When? It’s a pretty big question given also that there’s a massive pandemic that is likely affecting Asobo as much as it is other game companies (and especially Europe). I would venture to say that in my opinion, 6 months down the line, we’ll be in a pretty good spot in terms of the items I mentioned. I think 6 months is a safe bet given the update time line and what’s in the works.

You ask a very tough but good question and hopefully we’ll be shown perhaps what challenges they’re facing but also their outlook going forward.


That “eye candy” is the reason I fly this sim rather than X-Plane, for example. There’s only so far a desktop simulation can go in accurately replicating real world aircraft and environmental conditions. I don’t just want the feeling of flying an airplane, I want the feeling of flying anywhere in the world and seeing true-to-life scenery there. MSFS gives me a reason to look out the window.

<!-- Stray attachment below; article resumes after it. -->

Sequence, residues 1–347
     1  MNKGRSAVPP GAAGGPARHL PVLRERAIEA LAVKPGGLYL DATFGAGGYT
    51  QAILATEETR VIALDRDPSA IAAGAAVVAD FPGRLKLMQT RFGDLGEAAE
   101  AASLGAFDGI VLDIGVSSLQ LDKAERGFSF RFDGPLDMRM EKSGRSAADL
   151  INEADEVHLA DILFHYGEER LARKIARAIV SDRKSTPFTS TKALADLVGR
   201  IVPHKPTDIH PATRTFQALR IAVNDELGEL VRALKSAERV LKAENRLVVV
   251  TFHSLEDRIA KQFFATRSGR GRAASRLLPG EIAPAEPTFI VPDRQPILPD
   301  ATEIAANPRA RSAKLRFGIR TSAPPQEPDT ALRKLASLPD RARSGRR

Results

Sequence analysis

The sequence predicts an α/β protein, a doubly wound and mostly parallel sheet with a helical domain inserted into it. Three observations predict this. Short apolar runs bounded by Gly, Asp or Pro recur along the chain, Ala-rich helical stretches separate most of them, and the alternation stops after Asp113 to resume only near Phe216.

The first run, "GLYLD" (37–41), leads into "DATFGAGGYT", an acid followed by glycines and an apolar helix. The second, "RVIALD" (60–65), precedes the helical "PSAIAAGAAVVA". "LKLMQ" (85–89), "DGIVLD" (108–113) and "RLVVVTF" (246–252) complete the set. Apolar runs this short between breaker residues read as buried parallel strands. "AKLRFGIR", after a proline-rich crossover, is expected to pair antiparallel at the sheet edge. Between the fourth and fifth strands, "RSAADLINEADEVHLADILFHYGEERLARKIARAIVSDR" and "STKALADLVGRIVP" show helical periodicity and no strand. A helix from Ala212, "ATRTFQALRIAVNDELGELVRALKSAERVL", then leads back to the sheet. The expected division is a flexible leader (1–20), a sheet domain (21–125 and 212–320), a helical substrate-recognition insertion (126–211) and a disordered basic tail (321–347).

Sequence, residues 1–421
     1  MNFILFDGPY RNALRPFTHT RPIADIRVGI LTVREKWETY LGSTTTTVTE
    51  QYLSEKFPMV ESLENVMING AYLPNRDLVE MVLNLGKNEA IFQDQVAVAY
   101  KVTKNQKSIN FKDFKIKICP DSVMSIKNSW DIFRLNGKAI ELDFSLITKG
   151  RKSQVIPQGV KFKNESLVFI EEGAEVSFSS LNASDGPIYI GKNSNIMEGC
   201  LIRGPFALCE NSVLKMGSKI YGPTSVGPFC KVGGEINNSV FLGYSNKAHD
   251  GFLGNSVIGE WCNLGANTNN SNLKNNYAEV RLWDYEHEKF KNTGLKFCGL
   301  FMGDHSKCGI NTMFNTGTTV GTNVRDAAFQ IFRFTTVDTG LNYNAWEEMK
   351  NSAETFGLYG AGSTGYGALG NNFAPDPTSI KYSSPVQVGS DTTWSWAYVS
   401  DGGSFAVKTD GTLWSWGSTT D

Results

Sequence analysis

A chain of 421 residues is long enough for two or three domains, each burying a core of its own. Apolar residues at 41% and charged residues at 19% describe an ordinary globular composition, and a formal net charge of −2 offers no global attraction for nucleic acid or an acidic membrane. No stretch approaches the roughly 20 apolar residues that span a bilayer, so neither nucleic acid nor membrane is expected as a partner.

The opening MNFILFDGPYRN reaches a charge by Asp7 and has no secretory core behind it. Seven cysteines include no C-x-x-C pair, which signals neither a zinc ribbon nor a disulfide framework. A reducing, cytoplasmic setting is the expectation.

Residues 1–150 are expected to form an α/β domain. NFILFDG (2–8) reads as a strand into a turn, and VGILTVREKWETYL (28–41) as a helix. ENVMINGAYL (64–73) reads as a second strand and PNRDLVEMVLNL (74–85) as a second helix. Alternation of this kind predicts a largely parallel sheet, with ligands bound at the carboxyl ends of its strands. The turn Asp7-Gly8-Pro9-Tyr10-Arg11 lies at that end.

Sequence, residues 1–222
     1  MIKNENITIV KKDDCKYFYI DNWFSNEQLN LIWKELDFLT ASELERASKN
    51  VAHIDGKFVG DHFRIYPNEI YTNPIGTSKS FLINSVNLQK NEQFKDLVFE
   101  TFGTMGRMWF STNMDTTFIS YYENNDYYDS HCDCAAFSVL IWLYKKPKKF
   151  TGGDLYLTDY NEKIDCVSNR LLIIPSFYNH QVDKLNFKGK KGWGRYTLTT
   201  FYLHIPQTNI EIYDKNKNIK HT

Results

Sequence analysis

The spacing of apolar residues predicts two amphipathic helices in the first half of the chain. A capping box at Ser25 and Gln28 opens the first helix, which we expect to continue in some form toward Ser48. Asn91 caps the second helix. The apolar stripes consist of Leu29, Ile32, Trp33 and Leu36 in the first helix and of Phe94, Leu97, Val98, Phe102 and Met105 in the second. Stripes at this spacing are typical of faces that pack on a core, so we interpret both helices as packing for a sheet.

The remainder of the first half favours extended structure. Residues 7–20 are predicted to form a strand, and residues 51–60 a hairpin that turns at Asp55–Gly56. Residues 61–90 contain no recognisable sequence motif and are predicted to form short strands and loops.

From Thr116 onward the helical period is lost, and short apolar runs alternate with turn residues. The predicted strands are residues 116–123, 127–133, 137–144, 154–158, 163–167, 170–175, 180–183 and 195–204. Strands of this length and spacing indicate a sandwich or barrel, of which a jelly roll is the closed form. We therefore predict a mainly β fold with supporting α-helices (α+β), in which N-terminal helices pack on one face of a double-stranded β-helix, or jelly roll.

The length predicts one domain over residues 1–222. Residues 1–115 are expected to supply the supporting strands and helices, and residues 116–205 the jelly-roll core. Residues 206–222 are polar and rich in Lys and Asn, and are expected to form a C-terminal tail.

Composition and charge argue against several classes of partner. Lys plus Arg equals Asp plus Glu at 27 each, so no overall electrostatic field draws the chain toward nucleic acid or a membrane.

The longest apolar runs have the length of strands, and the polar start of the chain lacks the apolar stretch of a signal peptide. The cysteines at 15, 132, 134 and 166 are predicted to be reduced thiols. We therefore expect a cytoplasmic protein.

Same, X-plane is superior in everything else but graphics compared to MSFS. Or at least it takes too much effort to make X-plane look decent, download ortho’s etc. So I have to admit I’m also addicted to the nice graphics and it makes it really hard to move back to X-plane. Therefore hoping MSFS will live up to the hype, also as a simulator.


It does seem that they don’t rely on real-world aviation experts as much might have been expected. The ATC phraseology, the icing effect, the autopilot returning to the last waypoint, it’s difficult to understand how any of these could have made it into the production version of the sim if pilots and aviation experts had been closely involved in the development and testing.